- Written by Chris Heinonen
- Published on 06 October 2011
The Panasonic DMP-BDT210 3D Blu-ray Player In Use
The first thing I noticed in using the 210 was the speed and responsiveness of the unit. Power on to the menus was very fast, and the menu system was quick and responsive. Starting up a Blu-ray was quick as well, as Cars loaded quick enough to keep my son happy. Once Cars started up, and it started up fast, the picture and sound were great with no issues at all. Other films that I watched, like the new Blu-ray of The Big Lebowski, looks and sounded as good as well as started up fast. For straight Blu-ray playback, the 210 was remarkably nice.
Moving onto the VieraCast lineup, the first thing I did was rearranging the apps into the order that I wanted. Having used a Sony Blu-ray player a lot for online content that has dozens of apps, but no way to order or delete them, this was a nice change. There are only a few online services I really use, and to have them all on the main page made using the device much easier. I went to Hulu and my normal test clips of Arrested Development played back perfectly and without pause. The wireless network and the buffering of the Panasonic were very good as I was able to use Hulu at all hours of the day, when often I find that at night I can run into jittery playback on my Sony player. The one issue with Hulu is that the Pause button doesn’t work, and you have to hit the Up arrow to bring up a menu to pause playback for some reason.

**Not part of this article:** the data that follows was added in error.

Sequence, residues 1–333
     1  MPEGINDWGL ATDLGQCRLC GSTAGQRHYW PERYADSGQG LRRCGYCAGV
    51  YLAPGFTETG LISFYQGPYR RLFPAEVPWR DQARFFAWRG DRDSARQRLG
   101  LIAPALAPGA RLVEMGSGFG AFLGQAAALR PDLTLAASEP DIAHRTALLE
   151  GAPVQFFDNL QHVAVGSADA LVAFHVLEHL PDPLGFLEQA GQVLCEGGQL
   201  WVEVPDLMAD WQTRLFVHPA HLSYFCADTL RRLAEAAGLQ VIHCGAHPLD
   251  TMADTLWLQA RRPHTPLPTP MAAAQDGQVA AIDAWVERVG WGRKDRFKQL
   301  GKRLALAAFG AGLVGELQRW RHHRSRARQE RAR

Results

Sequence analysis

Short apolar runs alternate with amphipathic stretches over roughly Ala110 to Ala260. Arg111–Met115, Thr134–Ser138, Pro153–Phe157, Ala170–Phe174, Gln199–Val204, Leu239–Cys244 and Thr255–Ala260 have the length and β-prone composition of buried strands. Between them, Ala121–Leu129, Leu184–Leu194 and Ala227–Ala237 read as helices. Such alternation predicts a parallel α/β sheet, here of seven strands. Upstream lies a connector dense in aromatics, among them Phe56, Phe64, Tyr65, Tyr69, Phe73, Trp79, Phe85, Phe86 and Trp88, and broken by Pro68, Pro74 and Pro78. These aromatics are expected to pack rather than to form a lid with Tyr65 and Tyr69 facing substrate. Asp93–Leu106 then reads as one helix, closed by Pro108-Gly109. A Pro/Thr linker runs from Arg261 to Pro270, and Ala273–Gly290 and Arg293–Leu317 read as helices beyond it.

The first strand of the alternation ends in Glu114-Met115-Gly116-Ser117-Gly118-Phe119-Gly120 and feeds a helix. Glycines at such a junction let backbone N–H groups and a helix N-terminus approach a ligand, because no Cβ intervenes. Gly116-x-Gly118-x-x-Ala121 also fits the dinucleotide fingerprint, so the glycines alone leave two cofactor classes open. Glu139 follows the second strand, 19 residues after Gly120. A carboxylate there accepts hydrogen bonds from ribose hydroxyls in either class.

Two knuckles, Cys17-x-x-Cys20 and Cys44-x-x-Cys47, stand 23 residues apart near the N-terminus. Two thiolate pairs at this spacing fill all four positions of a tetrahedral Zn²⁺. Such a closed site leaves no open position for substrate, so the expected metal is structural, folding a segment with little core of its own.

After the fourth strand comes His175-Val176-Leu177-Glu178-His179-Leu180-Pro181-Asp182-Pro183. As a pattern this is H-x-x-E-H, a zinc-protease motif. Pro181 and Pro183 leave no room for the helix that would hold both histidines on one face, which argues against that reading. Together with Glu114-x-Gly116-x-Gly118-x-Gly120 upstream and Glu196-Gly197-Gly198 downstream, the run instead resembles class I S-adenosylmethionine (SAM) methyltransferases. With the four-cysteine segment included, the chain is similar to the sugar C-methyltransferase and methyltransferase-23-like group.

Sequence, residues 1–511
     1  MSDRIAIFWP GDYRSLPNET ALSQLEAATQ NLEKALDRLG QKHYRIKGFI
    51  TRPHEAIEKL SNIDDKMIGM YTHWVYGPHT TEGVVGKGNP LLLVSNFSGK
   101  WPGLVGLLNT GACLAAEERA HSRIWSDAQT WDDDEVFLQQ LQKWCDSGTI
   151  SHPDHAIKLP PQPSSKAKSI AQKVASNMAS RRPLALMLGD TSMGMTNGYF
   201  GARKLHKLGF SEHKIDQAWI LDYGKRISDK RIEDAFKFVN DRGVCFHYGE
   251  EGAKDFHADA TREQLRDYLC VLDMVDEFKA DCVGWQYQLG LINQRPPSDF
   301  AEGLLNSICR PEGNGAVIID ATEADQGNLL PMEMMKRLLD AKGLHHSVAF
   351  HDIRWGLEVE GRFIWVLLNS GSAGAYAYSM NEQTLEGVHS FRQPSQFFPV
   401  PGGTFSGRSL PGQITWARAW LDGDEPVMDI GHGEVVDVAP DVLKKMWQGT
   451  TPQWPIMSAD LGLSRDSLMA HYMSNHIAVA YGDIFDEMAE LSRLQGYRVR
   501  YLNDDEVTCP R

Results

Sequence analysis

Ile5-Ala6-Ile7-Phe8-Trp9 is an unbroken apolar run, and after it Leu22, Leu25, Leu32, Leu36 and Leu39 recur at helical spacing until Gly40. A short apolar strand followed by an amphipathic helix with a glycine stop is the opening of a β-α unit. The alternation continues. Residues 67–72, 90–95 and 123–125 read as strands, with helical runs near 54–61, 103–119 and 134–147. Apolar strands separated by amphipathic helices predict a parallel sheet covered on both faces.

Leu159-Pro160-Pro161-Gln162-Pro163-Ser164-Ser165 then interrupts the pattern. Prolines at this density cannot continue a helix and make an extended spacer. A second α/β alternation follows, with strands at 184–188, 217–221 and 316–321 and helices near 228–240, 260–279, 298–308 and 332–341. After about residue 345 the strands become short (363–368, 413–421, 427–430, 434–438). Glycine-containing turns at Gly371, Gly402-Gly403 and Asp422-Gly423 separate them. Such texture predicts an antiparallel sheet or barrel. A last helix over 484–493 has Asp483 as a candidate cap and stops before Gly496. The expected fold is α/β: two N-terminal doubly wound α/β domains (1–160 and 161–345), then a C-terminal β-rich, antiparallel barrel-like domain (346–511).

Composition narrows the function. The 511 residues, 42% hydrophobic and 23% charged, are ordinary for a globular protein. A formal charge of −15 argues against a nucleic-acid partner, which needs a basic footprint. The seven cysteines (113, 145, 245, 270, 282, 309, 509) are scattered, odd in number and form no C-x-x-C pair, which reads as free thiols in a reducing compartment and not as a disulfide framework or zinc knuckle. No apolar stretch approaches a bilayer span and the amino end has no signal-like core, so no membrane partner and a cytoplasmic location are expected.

Netflix playback was also quite good on the 210. This is one of the few players out there that supports 5.1 Dolby Digital Plus audio with supported titles, which is a major improvement over the usual audio with Netflix. As more and more people turn to streaming content for movies, it’s good to see that the quality of streaming is finally starting to surpass DVD quality in both picture and audio, with hopefully Blu-ray quality coming in the future. Watching my usual test clip of The Iron Giant, picture quality was very good and the horizontal pans that give many players fits were very good with very little stuttering visible.
Other streaming services were similarly good. Vudu was quick on playback with no stuttering during any of the trailers that I watched, even in the high-bitrate HDX mode. Pandora did a nice job of streaming audio to the stereo for me, and YouTube had good playback and a quick, responsive interface, unlike many of the other Blu-ray players out there. Aside from the Pause button issue I had with Hulu Plus, I really had no problems at all with daily use of the 210 for watching movies or listening to music.
One feature on the 210 that is of interest to some is the audio modes. In addition to some remastering modes that I didn’t try out, there are some audio modes designed to mimic the response of listening to music on a tube-based system. The only other Blu-ray player I’m aware of that has audio modes that try to mimic the tube sound is the NuForce-modified Oppo 93 and that has had some nice reviews about it.
The different tube modes each had their own unique character to them, shrinking or expanding the soundstage, and adjusting the position and balance of instruments in the mix. Some would seem to bring a guitar forward, while moving vocals and drums to the rear, and others might do the opposite. If you like the effect that the effects have on the music, than you might enjoy listening to your music through the 210. I wasn’t a big fan of Mode 1, as it seemed to make everything sound thin, recessed, and small. However, some of the other modes had an effect on music that I found more pleasing, but it is all a matter of personal choice.